There are many options available for antidepressant medication, but which will work the best for you? A drug that works for someone else is not necessarily the best drug for you, because our response to drugs is individual and depends on our DNA. In the past, a suitable medication was determined by trial-and-error, which sometimes took a long time. Fortunately, nowadays pharmacogenetic testing can support your doctor in medication decisions. It enables your doctor to rule out medications that are unsuitable for you because of your individual genetic traits. This can not only speed up the process of finding a suitable medication but also decrease your risk of suffering from adverse drug reactions.
The effect of an antidepressant can typically be seen after weeks from starting or changing the medication. When changing the dosing of a drug, it can also take weeks before the effect can be assessed. If a drug is discontinued due to inefficiency or adverse drug reactions, the dose is often lowered gradually over weeks or even months to minimise the possible withdrawal symptoms, further adding up to the time it takes to find a medication that works for you. This means it can sometimes take months before a suitable drug and dose are found and the process of recovery can truly start. Repeated medication changes, medication ineffectiveness or side effects can be frustrating and may sometimes lower motivation and commitment to care and medication.
The choice of an antidepressant is influenced by many factors, which the doctor takes into account when making a medication decision. Pharmacogenetic testing can predict whether a medicine is suitable for you already before trialling it for several weeks. Based on the test results your doctor can choose the most suitable medicine and dose for you individually, which lowers your risk of side effects and long periods of ineffective medications. Patients with depression are often prescribed escitalopram, which is one of the most commonly prescribed antidepressants. However, about 62 % of people have a gene variant, which causes escitalopram to leave the body faster or slower than typical 1. This means that escitalopram with a standard dose only works as expected for fewer than every second patient. A pharmacogenetic test can tell your doctor whether escitalopram is a suitable option for you or not. Based on the test, the doctor can choose a more suitable dose or a different drug for you, and you may be spared several weeks of ineffective medication or unnecessary risks of side effects. Pharmacogenetics has a similar impact on many other common antidepressants, such as citalopram, amitriptyline and venlafaxine.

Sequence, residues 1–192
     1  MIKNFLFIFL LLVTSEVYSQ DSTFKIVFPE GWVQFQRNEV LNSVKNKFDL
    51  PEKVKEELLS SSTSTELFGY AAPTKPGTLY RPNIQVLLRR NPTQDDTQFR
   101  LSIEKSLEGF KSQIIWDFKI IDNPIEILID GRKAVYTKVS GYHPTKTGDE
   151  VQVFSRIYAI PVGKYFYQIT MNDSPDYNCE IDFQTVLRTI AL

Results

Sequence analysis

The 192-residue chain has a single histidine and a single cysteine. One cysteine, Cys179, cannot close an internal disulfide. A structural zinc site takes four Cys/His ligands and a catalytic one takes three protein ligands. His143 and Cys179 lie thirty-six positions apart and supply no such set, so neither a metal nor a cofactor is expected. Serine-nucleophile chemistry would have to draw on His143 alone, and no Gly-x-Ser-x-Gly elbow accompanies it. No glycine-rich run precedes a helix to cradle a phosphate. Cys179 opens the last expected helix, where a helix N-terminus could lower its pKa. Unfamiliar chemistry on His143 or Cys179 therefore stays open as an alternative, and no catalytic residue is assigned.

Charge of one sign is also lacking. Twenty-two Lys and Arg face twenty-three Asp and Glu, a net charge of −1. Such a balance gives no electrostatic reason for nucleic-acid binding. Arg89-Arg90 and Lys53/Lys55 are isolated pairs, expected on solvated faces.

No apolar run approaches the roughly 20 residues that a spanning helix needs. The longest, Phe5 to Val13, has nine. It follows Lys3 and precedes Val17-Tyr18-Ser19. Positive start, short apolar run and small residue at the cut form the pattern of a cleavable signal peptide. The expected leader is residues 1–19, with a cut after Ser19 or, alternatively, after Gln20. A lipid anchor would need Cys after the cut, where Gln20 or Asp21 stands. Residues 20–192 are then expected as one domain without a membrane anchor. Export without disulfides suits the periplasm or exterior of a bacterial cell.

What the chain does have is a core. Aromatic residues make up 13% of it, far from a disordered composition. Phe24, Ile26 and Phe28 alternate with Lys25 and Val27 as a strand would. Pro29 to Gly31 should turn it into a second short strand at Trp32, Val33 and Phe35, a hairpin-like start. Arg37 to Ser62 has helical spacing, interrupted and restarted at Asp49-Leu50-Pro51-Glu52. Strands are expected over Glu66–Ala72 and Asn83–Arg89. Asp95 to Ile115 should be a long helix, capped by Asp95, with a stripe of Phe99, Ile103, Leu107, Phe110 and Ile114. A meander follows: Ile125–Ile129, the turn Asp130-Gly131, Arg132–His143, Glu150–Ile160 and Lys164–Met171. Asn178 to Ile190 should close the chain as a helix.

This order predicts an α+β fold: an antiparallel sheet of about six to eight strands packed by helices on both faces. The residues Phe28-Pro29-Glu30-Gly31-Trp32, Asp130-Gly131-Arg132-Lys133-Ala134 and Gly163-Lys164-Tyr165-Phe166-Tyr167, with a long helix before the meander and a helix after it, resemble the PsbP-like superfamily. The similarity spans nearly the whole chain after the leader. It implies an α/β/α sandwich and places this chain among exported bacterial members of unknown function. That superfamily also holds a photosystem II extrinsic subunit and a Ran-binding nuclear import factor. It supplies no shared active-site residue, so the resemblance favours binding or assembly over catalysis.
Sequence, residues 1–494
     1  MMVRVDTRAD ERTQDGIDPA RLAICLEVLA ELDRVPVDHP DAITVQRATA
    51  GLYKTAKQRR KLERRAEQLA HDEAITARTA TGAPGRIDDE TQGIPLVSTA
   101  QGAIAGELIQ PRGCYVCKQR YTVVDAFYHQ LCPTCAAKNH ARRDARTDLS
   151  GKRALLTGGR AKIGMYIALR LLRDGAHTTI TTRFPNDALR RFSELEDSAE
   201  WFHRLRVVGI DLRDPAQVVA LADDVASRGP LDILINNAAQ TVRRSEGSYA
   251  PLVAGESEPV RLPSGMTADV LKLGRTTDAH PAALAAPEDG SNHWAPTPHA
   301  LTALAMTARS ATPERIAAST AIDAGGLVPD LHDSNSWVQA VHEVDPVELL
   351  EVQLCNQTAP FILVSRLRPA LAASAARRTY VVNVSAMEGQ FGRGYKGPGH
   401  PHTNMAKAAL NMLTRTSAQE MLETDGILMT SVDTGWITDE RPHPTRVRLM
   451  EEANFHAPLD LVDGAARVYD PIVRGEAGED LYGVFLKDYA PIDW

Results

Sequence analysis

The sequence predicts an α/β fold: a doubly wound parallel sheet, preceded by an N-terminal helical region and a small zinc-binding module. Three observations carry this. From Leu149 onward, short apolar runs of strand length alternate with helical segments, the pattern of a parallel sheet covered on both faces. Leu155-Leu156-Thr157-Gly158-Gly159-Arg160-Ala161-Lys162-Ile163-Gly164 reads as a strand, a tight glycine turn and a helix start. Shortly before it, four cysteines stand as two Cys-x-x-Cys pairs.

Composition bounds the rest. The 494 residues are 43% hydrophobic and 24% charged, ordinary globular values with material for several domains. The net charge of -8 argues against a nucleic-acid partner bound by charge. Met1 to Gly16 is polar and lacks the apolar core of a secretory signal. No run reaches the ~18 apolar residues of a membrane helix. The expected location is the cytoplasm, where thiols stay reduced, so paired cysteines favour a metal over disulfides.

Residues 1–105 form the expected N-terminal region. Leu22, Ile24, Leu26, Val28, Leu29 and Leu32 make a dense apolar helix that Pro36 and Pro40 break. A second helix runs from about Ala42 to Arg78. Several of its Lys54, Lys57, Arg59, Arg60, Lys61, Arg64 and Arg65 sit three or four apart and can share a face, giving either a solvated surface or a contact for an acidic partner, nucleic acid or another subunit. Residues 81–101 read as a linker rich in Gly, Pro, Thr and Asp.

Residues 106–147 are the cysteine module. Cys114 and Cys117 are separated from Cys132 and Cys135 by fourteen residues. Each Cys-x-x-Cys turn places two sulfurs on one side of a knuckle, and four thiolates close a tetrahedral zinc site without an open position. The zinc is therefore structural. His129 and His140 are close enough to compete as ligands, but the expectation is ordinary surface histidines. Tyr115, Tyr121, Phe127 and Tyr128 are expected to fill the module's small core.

In a study of patients with severe depression, 73 % achieved a drug response* in 12 weeks when pharmacogenetic test results were available for the doctor. Without the test results only 36 % of the patients achieved drug response in the same time period.2 Pharmacogenetic testing has also been shown to decrease the number of emergency room visits and hospitalisations of mental health patients 3.
 Häkkinen, K. et al. (2022) Implementation of CYP2D6 copy-number imputation panel and frequency of key pharmacogenetic variants in Finnish individuals with a psychotic disorder. The Pharmacogenomics Journal. 22, 166-172. https://doi.org/10.1038/s41397-022-00270-y
 Bradley, P. et al. (2018) Improved efficacy with targeted pharmacogenetic-guided treatment of patients with depression and anxiety: A randomized clinical trial demonstrating clinical utility. Journal of Psychiatric Research. 96, 100-107. https://doi.org/10.1016/j.jpsychires.2017.09.024
 Perlis, R. H. et al. (2018) Pharmacogenetic testing among patients with mood and anxiety disorders is associated with decreased utilization and cost: A propensity-score matched study. Depression & Anxiety. 2018; 35: 946– 952. https://doi.org/10.1002/da.22742